These contradictory sentiments could have assumed a greater saliency and poignancy when expressed through the actions of the idealistic naïf Annabel Richter (Rachel McAdams), a human rights activist turned mole, who becomes Karpov’s trusted guide. Richter is Bachmann’s counterpart to the extent that they both have moral codes that will become undone as the system exerts its ruthless power. But while Bachmann played by Hoffman dominates the screen with his vital presence, McAdams doesn’t truly rise to the occasion. One moment she is a seemingly trusted friend to the immigrant family that offers refuge to Karpov. Next she is collaborating with Bachmann to use the traumatized Karpov as bait for a sting operation targeting a prominent Muslim scholar and philanthropist (Homayoun Ershadi) with possible ties to terrorists. For someone with liberal credentials in the world of human rights, Richter strains plausibility with her alacrity to collude with Bachmann. Even when Bachmann illegally holds her in a clandestine prison cell, it doesn’t faze her. Ideally, Richter’s moral code would have been informed by her activism, but whatever political work she’s done is never fully explored, much less acknowledged. She is a cipher in the film aside from the function she plays to advance the plot.

Director Anton Corbijn’s isn’t interested in character. He wants to offer the viewer a vision of the new normal we inhabit in the post-9/11 world. Based on John Le Carre’s book of the same title, “A Most Wanted Man” depicts a brutally austere and efficient system that will ultimately go unchallenged despite the best efforts of the so-called good guys on the inside, romantic fuckups like Bachmann who seek to steer the system’s power brokers toward rational thinking and pragmatic decision-making. One way of understanding the film is as an ineradicably unjust system marshaling all its power to discipline and make an example of an internal dissident. Once Bachmann’s liberal faith in deliberation and persuasion runs up against the blatant disregard for these shibboleths and outright betrayal displaces the guessing game with which the Americans and Germans have entertained him, he has only one option at his disposal: go rogue, down the righteous and courageous path of Chelsea Manning and Edward Snowden. Except that the film withholds this possibility of social redemption through  personal ethics and instead provides in its place a dark, hopeless fatalism.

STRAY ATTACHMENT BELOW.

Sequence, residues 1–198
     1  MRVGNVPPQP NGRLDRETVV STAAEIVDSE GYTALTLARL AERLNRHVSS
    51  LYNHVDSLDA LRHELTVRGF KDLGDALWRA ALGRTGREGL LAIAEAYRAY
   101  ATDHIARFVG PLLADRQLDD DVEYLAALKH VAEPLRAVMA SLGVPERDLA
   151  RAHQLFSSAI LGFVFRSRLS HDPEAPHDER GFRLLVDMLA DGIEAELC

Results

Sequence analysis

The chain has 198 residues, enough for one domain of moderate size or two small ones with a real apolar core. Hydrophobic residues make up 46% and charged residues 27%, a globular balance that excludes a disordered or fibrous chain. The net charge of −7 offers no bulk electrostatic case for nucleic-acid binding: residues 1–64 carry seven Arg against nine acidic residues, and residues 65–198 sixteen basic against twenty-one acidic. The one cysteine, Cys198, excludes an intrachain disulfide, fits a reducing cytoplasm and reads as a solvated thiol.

The images Corbijn has carefully selected bring us into a violent world sparing in its exploration of human suffering and death; all the subjective violence is elided, and what remains is objective devastation, the contrasting allure of open offices made of Plexiglas and whirring fans in holding cells. Torture, for the most part, is left out of sight. And rightly so. What is in plain view, however, are the calculated maneuvers to keep the system running as smoothly as possible into perpetuity. And that invisible exercise of power is what needs exposure more than anything else to raise the question not of individual acts of resistance à la Manning or Snowden but of collective politics and struggle for systemic change.